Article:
2. We have focused too much attention on whether schools are public or private, charter or religious. Instead, we should be focusing on what happens within all these schools, regardless of their organizational format. Encouraging new teachers and working to support existing teachers with a commitment to child growth and development is key. We might consider further enhancing the debt forgiveness options for graduates pursuing teaching as a career. What if we offered different and more beneficial loan packages to students entering the education field--something that will provide benefits while they are in school as well as upon graduation (with a mechanism for changed terms if there is a change of heart.) This is an expansion of what is currently available through some programs offered by the federal government.

Consider also the possibility of student debt reduction for any college student who provides a designated amount for part-time tutoring for or mentoring of vulnerable youth. For colleges located in low-income communities, the benefits of an "army" of college students who could work would be incalculable. This approach would ameliorate the size of student debt loads while benefiting the community - and the cost to the federal government would not be enormous, particularly if this approach deterred stopping-out and defaults. And, this approach would lessen (not eliminate) the immediate need for more work-study money and a change in the work-study formula, ideas that are currently on the table.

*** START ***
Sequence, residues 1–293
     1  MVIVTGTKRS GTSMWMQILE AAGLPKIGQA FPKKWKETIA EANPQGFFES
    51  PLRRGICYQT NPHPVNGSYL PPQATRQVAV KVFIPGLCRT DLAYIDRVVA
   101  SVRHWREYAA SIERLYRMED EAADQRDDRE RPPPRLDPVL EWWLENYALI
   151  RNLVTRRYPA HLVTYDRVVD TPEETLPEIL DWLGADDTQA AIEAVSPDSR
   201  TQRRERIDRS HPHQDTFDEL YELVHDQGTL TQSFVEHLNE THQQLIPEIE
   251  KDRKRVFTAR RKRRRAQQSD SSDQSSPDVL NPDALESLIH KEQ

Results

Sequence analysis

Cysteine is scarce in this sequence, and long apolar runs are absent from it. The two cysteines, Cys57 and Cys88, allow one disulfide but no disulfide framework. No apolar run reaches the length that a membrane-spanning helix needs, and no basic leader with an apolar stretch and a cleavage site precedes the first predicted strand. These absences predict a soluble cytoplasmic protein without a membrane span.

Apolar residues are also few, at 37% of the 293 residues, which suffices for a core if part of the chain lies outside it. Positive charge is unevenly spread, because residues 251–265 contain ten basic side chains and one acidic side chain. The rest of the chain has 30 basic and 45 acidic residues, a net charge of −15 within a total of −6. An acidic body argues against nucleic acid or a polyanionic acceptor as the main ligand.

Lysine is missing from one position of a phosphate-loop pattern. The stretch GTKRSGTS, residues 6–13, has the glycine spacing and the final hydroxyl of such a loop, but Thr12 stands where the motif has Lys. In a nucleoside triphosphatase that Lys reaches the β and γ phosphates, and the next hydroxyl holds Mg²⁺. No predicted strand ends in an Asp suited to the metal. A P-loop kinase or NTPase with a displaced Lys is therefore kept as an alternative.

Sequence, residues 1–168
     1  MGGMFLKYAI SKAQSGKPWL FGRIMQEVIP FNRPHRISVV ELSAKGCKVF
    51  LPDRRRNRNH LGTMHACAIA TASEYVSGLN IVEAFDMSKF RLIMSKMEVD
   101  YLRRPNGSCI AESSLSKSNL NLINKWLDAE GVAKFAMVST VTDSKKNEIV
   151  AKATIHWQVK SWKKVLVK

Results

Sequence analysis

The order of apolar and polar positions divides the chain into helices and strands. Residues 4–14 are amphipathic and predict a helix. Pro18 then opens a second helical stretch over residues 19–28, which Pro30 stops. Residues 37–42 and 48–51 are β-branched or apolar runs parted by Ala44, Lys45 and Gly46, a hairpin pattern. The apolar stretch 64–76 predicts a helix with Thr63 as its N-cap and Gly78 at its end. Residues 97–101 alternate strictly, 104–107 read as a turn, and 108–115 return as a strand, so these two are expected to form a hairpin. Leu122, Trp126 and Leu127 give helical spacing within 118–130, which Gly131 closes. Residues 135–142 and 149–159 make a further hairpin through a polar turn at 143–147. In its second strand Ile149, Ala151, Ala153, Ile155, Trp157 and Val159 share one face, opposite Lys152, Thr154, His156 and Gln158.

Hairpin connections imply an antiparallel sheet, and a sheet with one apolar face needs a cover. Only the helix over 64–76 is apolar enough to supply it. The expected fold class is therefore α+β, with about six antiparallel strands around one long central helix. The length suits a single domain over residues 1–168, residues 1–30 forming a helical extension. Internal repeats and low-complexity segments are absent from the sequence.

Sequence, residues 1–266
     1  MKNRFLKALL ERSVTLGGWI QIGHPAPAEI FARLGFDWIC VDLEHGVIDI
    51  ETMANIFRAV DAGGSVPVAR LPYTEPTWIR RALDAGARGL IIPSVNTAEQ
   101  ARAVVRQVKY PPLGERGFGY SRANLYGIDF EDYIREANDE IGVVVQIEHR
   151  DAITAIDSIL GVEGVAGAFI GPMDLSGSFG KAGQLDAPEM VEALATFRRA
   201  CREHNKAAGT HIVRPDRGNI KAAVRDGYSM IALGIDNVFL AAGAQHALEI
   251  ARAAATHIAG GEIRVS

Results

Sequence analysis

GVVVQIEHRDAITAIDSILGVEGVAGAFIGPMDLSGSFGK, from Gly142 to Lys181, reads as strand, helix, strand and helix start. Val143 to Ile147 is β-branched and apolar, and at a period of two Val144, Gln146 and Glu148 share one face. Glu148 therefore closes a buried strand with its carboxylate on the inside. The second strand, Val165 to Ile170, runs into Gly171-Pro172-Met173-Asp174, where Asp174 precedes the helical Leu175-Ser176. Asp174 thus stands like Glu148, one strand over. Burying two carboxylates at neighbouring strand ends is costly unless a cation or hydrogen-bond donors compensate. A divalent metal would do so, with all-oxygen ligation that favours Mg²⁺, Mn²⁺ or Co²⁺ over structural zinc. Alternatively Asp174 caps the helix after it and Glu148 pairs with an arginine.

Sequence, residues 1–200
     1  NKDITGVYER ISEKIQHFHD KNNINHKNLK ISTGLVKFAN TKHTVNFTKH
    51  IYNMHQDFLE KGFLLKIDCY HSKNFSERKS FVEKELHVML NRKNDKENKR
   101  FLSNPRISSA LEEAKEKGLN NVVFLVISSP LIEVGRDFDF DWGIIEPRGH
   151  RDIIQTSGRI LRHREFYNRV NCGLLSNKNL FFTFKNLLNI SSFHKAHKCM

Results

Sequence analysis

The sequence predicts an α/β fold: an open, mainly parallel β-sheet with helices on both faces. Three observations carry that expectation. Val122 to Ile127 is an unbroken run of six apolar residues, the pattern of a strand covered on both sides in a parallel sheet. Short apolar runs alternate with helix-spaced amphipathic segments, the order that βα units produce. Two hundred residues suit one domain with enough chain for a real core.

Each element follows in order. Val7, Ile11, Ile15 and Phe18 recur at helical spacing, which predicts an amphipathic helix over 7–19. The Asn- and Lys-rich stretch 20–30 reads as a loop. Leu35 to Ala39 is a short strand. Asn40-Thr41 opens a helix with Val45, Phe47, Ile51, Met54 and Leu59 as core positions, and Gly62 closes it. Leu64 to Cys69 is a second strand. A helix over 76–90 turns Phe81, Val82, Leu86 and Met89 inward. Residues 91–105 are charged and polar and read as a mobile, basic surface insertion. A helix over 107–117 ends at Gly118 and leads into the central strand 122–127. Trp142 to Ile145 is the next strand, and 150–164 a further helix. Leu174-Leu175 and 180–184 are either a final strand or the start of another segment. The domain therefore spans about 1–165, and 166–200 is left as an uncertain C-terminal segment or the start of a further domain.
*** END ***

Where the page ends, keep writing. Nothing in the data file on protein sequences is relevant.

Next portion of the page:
3. Connect leaders across the educational spectrum so they develop respect for and can work and learn from each other. At Southern Vermont College, we did this recently - three school leaders swapped places and the learning was remarkable for each individual and their institution. The commitment to a "kink-free" education pipeline holds real promise. And, by working together, leaders do not blame the school level down the pipeline for the ills of the students; we are collectively responsible for smooth transitions.